Within recent years, pharmaceutical counterfeiting has evolved into a sophisticated, global enterprise. According to the World Health Organization, “A counterfeit medicine is one which is deliberately and fraudulently mislabelled with respect to identity and/or source”. Counterfeiting can apply to both branded and generic products. Generally, counterfeit products may include products: with the correct ingredients, wrong ingredients, without active ingredients, with incorrect quantities of active ingredients or with fake packaging.
Counterfeit pharmaceuticals are the most lucrative sector of the international trade in illegally copied goods. Drug companies have spent billions in an effort to curb counterfeiters with no real success. Developing countries are the worst affected since the regulatory structure is weaker and measurement is difficult.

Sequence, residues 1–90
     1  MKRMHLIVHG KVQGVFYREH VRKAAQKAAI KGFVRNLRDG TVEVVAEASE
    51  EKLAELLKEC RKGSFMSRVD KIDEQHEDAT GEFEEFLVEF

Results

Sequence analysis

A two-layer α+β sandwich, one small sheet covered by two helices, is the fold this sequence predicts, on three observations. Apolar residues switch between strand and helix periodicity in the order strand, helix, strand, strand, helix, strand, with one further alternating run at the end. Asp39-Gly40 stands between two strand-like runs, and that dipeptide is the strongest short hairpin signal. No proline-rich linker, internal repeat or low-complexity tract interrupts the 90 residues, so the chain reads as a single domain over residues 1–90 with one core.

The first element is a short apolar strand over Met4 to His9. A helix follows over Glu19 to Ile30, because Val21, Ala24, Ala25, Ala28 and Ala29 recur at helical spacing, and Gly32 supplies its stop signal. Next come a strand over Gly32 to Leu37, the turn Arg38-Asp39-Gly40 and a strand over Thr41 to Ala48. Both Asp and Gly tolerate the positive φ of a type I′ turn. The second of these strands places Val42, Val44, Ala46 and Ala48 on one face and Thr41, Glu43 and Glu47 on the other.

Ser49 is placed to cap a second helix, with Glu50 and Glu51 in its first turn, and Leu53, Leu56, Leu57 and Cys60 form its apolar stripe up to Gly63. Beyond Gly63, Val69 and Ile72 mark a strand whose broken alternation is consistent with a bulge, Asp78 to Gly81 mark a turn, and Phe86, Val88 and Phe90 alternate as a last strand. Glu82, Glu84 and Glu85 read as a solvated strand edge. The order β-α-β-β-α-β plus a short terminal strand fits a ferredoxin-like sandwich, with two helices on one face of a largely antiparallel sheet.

According to the World Health Organization, approximately one million people die annually from fake drugs. Fake drugs can cause serious health implications even when they don’t directly kill users. The absence of anti-counterfeiting measures exposes millions of the world’s population to potentially lethal chemicals. The law enforcement agencies, customs division and other stakeholders in the Caribbean are constantly seeking ways to reduce or eliminate the problem of drug counterfeiting.
The Caribbean Industrial Research Institute (CARIRI), as a stakeholder in the pharmaceutical industry is immensely concerned about the growing drug counterfeit market. In an attempt to address this problem, CARIRI can undertake testing of pharmaceutical products using our highly trained staff and state of the art laboratory.